With Prabhu Deva and Lawrence Raghavender around the leitmotif of dance writes itself on to the film. After all, the duo is the two best dancers in the country now. But there was certain apprehension that how can mere dance make for a good movie. Won’t it become tedious with too much of a good thing?
It is in fact a pretty obvious tale. But the director infuses good sentiments and entertainments by bringing in mass elements like surprisingly throwing up Chiranjeevi and Nagarjuna for a couple of fights, the love of Charmi, the story of Raja and Kamalini, the sentiments of Raghava’s mother. Everything has been given a place and the anticipation levels are matched. And above all, the awe-inspiring dances. In one word, ‘whoo’.
More than Lawrence the actor, Lawrence, the dancer and the director walk away with all the honors. His ability with his legs needs no new mention. But in this film, he just crosses a new frontier and reaches new levels of callisthenic excellence. Prabhu Deva as his mentor is, as only he can be, amazing. Charmi as Lawrence’s love interest passes muster. Then there is Raja, who despite being in a small, shows lot of spunk. Ditto in the case of Kamalini.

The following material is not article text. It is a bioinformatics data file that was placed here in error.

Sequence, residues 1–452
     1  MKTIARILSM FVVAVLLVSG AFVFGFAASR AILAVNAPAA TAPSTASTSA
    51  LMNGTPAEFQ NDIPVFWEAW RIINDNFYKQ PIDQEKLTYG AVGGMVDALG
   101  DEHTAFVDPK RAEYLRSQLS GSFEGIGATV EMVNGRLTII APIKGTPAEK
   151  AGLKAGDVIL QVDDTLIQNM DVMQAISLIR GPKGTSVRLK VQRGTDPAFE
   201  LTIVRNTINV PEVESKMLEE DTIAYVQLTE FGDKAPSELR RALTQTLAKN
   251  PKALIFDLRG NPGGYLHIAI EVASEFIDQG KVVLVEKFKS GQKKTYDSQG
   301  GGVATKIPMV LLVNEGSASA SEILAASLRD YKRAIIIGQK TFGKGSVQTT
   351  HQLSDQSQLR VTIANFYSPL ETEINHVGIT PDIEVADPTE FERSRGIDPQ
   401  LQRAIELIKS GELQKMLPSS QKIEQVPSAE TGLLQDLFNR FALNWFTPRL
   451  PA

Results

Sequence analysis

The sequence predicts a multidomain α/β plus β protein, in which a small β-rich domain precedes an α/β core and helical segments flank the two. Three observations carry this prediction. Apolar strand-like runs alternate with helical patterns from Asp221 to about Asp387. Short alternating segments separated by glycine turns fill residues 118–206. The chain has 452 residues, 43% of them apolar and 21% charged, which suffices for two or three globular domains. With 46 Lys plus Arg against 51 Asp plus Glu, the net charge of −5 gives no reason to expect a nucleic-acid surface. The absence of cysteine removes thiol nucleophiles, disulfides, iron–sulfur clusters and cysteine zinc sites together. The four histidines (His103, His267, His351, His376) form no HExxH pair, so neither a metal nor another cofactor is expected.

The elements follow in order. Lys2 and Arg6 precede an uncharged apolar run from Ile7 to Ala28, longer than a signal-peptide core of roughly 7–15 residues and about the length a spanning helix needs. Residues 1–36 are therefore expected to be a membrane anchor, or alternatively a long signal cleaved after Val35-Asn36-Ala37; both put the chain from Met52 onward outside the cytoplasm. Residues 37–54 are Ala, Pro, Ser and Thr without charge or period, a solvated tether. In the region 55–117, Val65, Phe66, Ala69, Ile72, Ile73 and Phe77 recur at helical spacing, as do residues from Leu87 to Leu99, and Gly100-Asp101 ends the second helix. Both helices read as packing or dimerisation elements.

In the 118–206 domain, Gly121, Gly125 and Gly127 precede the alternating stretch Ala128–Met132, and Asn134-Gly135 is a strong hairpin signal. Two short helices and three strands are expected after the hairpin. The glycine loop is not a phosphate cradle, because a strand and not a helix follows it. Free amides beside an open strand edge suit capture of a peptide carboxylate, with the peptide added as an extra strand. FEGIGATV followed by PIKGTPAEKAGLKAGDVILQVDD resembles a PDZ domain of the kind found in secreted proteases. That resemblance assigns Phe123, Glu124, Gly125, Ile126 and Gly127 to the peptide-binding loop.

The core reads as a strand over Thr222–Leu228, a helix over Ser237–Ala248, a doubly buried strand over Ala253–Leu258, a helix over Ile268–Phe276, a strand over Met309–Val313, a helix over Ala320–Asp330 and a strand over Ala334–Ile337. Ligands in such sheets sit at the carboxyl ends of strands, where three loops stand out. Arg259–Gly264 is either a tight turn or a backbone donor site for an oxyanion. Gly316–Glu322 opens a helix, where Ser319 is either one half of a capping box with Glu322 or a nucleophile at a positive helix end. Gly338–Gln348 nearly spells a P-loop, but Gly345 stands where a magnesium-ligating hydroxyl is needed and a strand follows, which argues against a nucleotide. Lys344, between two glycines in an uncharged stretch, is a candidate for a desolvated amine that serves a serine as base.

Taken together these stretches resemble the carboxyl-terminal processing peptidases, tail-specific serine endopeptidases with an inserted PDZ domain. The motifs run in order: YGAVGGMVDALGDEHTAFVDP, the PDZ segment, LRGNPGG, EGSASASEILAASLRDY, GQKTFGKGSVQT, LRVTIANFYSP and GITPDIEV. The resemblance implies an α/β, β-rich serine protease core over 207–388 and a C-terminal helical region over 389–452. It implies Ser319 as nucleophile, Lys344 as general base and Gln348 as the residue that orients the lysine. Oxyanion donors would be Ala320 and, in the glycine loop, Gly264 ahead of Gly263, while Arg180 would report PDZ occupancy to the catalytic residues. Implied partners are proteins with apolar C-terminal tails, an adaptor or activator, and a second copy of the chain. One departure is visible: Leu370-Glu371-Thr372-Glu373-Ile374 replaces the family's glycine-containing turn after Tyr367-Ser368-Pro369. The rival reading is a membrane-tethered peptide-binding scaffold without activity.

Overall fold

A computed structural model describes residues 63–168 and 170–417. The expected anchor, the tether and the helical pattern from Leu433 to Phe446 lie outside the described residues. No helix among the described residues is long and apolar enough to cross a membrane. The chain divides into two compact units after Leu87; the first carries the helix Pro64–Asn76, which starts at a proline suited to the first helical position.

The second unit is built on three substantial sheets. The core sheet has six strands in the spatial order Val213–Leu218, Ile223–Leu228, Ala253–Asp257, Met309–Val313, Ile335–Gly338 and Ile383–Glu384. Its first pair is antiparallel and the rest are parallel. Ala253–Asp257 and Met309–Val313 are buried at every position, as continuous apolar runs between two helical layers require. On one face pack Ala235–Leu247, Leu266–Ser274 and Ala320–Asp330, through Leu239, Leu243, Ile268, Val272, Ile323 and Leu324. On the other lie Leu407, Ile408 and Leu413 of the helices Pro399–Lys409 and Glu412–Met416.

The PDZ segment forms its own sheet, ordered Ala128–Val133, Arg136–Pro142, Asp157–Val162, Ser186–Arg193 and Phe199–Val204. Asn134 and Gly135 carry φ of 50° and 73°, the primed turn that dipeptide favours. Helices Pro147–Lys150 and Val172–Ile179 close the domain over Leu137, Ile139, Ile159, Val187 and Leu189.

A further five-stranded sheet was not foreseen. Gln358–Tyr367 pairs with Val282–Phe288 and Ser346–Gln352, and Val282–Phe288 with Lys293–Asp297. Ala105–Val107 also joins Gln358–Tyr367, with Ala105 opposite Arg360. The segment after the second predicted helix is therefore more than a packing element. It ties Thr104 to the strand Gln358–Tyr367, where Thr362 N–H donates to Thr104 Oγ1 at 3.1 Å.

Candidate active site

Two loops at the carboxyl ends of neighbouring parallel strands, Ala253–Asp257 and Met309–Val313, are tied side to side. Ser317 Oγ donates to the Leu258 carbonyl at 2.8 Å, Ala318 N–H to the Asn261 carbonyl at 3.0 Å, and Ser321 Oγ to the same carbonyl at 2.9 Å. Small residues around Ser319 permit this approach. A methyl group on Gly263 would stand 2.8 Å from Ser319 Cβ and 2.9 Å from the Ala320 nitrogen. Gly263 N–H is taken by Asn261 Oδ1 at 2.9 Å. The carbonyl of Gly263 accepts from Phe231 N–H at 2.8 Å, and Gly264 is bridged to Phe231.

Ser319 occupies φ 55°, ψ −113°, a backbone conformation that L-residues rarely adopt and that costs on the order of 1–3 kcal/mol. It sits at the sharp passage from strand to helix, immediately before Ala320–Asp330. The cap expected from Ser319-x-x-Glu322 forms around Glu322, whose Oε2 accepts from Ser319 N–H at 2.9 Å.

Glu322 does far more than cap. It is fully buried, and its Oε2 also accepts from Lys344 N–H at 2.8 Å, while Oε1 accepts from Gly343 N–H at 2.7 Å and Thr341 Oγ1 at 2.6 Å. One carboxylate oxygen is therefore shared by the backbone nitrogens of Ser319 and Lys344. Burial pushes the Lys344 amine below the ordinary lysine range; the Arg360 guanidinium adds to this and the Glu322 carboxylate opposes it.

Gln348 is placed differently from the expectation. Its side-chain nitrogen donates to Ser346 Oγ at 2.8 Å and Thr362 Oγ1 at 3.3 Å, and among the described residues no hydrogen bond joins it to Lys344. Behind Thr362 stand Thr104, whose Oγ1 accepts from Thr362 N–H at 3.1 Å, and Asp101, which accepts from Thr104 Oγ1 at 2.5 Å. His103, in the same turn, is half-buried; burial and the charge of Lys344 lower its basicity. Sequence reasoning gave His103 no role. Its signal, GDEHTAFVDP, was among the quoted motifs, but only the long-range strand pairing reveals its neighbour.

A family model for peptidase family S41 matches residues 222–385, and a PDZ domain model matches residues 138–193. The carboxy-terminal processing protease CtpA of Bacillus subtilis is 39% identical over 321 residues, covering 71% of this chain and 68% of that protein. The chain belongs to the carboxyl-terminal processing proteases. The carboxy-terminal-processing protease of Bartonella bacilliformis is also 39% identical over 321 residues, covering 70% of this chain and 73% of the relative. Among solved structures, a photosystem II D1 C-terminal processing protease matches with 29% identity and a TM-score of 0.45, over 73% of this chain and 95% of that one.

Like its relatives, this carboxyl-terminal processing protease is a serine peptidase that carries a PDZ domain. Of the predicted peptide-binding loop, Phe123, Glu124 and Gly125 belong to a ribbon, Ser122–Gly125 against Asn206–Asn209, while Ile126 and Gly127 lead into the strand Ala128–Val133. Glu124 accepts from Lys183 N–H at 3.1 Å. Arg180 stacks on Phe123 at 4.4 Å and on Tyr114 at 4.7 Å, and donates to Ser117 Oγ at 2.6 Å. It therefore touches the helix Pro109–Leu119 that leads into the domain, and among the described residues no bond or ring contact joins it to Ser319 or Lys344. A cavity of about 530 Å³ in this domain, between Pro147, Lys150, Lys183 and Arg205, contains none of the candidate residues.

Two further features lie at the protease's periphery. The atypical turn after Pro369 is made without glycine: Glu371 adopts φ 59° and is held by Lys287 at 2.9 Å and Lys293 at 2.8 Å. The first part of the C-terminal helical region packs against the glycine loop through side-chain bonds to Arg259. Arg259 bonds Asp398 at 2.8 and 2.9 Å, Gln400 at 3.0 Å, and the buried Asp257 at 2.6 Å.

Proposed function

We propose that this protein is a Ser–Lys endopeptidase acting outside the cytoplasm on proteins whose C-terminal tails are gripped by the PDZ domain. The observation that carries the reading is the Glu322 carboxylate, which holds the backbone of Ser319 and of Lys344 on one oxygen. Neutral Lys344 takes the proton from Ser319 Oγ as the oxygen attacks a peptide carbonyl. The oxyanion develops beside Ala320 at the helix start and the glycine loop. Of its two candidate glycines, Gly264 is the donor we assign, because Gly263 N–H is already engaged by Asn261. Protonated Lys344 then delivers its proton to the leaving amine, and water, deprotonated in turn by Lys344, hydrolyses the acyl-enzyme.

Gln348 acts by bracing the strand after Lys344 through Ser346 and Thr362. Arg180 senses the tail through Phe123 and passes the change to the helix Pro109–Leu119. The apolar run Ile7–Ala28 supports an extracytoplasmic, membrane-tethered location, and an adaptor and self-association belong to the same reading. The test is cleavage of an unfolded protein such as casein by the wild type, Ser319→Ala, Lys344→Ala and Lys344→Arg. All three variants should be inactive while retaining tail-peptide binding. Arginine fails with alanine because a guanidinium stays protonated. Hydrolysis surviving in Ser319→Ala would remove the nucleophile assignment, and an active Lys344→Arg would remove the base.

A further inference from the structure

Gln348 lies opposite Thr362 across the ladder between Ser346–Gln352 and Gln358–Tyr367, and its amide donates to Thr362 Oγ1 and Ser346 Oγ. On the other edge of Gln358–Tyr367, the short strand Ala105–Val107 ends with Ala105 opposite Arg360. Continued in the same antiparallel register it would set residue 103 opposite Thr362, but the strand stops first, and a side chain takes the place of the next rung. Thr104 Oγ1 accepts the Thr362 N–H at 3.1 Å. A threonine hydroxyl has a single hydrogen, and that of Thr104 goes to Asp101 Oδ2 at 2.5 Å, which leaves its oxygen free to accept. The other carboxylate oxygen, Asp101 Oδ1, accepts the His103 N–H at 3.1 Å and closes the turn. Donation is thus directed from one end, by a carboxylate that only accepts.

All in all, there is nothing much to crib.
With dance being on the center stage,the movie depended a lot on music and songs and Mani Sharma has given just that. High on rhythms (quite naturally), the songs have eminently dance-worthy. Kabir Lal, the cameraman, has canned them with style and sincerity. In fact, his work is one of the highlights of the film. Lawrence choreography belongs to a new genre.
Lakshyam surely lives upto its name.